At times, reason will definitely limit your options! This is expected: reason is a tool we use to make 'good' choices, so it will exclude other options. This points to a classic of game theory: even if you can choose to play sub-optimally, doing so would be a waste (here, a waste of your generosity) and wasting some resource rarely is constructive, so wise freedom doesn't particularly lead to random acts!
At other times, multiple equally-valuable paths will be offered to you and 'choice' will be appropriate between these options (but still inappropriate w/r to suboptimal others).
A bucket challenge for other causes?
Someone recently threw a challenge to my followers, based on the "ice bucket" challenge but to fund me this time… and I explicitly refused to attract attention to it:
I support teachings on generosity and inter-dependence, but I also regularly repeat that « intentions do matter. »: supporting a cause out of understanding and realising inter-dependence isn't comparable to supporting a cause out of fear due to a social manipulation based on "shame on you if you don't…".
If you pick criteria that make you favour particular causes (ALS included), it's totally fine. Maybe they're not the highest priorities worldwide but maybe they nonetheless deserve a share of support and don't receive it when all the fashionable and/or big causes capture the attention of most people…
By contrast, giving out of emotional blackmail, out of social bullying, out of fear based on peer pressure, out of selfishly clinging to a "good image" one can advertise on social media, or out of "having fun with a challenge" (and the charity becomes secondary concern really) is not generosity, it's either fear or lust!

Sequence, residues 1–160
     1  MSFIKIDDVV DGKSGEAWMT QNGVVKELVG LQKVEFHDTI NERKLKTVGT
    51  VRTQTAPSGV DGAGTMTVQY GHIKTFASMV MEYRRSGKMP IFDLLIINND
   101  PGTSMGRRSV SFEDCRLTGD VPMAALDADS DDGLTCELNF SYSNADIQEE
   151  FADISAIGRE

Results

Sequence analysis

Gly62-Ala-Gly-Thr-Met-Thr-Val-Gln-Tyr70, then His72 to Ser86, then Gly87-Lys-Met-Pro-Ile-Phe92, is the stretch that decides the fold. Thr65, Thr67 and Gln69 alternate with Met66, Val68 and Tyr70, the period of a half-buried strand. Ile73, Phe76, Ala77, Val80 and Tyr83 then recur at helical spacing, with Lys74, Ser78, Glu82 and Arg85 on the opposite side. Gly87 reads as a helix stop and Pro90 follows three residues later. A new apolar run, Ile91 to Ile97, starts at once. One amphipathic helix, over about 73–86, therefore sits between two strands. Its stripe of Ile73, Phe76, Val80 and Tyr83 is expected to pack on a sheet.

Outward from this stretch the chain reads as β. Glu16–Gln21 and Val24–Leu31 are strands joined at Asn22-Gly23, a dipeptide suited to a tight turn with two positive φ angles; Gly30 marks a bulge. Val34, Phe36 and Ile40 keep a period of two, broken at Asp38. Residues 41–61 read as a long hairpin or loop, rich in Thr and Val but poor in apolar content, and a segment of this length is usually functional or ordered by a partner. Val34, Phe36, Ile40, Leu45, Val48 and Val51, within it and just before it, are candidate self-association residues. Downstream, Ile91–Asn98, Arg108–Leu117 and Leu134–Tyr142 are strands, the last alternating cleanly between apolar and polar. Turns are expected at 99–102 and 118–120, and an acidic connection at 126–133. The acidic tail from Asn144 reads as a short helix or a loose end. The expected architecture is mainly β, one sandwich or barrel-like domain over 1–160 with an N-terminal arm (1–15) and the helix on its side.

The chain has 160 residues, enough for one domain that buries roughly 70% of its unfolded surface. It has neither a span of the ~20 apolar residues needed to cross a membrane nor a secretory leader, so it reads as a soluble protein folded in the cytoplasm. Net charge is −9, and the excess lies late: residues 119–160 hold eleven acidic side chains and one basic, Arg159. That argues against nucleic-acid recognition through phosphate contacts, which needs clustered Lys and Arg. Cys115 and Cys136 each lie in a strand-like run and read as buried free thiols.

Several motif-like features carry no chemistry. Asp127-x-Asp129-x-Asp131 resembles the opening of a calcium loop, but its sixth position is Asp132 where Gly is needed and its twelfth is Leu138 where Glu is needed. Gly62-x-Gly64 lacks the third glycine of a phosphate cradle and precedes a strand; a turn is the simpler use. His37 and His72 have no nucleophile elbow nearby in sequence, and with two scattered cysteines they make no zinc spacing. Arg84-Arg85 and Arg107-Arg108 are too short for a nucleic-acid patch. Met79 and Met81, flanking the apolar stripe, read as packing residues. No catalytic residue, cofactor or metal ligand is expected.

The Perfection of Generosity is cultivated alongside the Perfection of Wisdom: blind, naïve generosity isn't the goal (as per the many points above, in relation to picking causes but also to picking amounts and best returns on investment)… but, this being said, any generosity is a lot better than to hide behind one's rational doubt (in order not to give)!
Any generosity will, in fact, support the cultivation of Wisdom (once one wonders how to maximise one's contribution… while still acknowledging one's budgetary constraints and overall reality).
The sole "ice bucket" challenge that makes sense is "support what needs solving (for the benefit of all), or solve it!" By comparison, "over-support what needs solving, or waste drinkable water" doesn't add up (if only due to funding cannibalism)!
Intentions do matter. So, by all means, be generous (it's a primary tool to cultivate selflessness, and to embody compassion and loving-kindness)… but don't throw wisdom to the dogs on the way!
There's no contradiction between generosity and being wise / smart (i.e. between generosity and doing one's homework to embody "wise generosity"). Support a cause out of understanding, and realising, inter-dependence! Part of your generosity is in time and efforts, the time and efforts spent to wisely allocate resources (time, effort, money…).
I'm well-aware that some of my 16 patrons might reconsider their donations, e.g. thinking that they see what I contribute and that I suffer no overhead to produce teachings, but also that I shouldn't be a priority in funding (compared to e.g. clean water)… If that's because this post helped them see a particular clinging they had, that's great —I fulfilled the 'teaching' function!— and I'm glad to lose their support for whatever more wholesome cause they will now pick! I'm mindful of what I bring, I do my best for it to be worthwhile for all, and I had some success at supporting people towards the cessation of ignorance and towards the cessation of dukkha, but I also have no pretence of offering a magic cure for all the ills of the world!